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Microbiology. 2002 Jul;148(Pt 7):2045-53.

The genes encoding virulence-associated proteins and the capsule of Streptococcus pneumoniae are upregulated and differentially expressed in vivo.

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1
Department of Molecular Biosciences, Adelaide University, Adelaide, South Australia 5005, Australia.

Abstract

The polysaccharide capsule of Streptococcus pneumoniae and several well-characterized virulence proteins are known to contribute to the pathogenesis of pneumococcal disease. However, there is a paucity of data on the expression of their respective genes in vivo. In this study, the relative abundance of the mRNA transcripts of the genes encoding pneumolysin (ply), pneumococcal surface protein A (pspA), pneumococcal surface antigen A (psaA) and choline-binding protein A (cbpA), and of the first gene of the capsular polysaccharide biosynthesis locus (cps2A), was measured in virulent type 2 pneumococci harvested from the blood of BALB/c mice at 12 h and 24 h following intraperitoneal infection. The mRNA levels were then compared, using relative quantitative RT-PCR, with those present in organisms grown in serum broth. The expression of ply was upregulated threefold at 12 h, and 10-fold at 24 h post-infection; the expression of pspA and psaA was upregulated threefold and fivefold, respectively, at 12 h post-infection. Interestingly, the expression of pspA was 36-fold higher at 24 h post-infection whereas the expression of cps2A was upregulated approximately fourfold at 12 and 24 h post-infection. However, cbpA mRNA levels remained comparable in vivo and in vitro. When organisms were grown in whole blood or THY broth, the relative expression of these genes in the two growth media also differed markedly. This work provides direct molecular evidence that known virulence-associated genes of S. pneumoniae are differentially expressed in vivo. Data on the relative expression of these genes in different growth media also suggests that the regulation of expression of these genes is highly complex and multifactorial.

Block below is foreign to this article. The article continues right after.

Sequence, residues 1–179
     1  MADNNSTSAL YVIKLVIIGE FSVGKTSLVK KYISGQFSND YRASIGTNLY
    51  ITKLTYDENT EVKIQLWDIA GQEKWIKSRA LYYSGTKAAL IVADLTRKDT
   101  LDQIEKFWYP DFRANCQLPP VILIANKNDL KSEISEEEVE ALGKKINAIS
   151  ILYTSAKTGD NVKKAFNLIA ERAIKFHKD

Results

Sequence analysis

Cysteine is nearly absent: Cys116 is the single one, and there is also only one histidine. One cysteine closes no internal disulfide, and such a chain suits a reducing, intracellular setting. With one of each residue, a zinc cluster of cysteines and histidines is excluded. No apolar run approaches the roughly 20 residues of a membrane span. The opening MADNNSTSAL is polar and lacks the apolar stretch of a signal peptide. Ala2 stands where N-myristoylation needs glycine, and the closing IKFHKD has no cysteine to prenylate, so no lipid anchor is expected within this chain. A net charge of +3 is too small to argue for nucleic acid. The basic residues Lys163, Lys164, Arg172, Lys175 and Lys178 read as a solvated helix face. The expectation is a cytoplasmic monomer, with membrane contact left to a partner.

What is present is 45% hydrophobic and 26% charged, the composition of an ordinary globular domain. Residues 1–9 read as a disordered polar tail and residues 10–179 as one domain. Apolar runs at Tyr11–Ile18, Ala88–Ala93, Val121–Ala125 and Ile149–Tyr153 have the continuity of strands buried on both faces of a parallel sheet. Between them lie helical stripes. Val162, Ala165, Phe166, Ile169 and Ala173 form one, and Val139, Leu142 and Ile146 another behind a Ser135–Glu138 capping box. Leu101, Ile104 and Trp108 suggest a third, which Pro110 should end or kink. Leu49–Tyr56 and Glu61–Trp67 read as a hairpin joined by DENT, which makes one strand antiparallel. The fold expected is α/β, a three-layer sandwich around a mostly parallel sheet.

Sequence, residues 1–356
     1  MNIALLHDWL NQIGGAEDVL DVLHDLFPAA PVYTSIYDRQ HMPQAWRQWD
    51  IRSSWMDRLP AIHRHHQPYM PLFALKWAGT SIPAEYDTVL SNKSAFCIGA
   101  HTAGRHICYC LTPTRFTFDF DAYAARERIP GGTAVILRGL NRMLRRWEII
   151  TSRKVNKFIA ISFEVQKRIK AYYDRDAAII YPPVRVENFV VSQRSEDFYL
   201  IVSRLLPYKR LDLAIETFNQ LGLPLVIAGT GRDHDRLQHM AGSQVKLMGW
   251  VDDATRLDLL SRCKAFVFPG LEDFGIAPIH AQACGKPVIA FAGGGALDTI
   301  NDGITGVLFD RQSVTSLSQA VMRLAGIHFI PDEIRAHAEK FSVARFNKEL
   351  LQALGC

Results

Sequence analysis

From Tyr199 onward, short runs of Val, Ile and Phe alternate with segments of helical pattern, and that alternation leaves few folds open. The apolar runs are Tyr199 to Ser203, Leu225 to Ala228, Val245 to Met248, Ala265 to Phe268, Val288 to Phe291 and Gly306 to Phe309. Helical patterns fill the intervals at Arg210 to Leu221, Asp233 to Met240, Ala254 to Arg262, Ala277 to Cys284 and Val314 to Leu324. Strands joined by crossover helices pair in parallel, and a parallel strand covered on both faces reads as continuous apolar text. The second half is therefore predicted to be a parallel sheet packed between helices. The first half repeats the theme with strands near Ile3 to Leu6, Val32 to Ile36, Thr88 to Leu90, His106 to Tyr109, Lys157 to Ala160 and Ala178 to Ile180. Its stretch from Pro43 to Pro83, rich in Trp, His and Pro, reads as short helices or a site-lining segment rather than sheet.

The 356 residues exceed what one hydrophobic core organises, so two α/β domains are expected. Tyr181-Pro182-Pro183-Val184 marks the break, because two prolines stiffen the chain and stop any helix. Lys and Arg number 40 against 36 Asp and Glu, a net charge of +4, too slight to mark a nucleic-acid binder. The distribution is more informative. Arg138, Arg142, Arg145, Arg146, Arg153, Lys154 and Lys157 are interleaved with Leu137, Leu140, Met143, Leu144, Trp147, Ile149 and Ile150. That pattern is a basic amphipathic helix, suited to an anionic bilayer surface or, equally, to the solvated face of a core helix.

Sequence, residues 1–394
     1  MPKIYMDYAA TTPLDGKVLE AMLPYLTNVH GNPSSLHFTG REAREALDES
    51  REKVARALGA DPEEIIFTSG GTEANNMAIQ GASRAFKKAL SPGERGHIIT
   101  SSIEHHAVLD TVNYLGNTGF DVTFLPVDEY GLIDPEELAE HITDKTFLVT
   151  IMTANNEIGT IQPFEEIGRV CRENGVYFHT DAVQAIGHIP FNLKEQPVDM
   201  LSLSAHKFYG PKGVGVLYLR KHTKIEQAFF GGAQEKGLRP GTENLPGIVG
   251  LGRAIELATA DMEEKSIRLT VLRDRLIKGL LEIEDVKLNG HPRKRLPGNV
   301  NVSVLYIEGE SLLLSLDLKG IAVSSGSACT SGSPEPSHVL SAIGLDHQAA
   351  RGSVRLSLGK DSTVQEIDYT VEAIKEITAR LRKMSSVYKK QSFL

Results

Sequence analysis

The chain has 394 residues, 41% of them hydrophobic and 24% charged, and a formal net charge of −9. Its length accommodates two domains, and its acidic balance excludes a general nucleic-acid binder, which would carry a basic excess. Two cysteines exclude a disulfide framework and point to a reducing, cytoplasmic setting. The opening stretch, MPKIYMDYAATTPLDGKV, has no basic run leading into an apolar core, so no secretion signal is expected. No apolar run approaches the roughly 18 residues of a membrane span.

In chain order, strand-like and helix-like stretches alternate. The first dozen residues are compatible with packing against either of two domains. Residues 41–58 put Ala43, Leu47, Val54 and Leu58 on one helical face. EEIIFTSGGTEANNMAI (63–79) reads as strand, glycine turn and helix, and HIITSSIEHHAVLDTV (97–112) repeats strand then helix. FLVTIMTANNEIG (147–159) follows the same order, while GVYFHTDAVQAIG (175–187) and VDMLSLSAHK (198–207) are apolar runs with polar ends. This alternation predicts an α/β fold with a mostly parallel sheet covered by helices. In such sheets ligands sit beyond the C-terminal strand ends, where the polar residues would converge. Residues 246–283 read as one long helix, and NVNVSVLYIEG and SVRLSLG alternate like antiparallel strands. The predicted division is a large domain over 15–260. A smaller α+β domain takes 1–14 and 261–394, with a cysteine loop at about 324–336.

PMID:
12101293
DOI:
10.1099/00221287-148-7-2045
[Indexed for MEDLINE]

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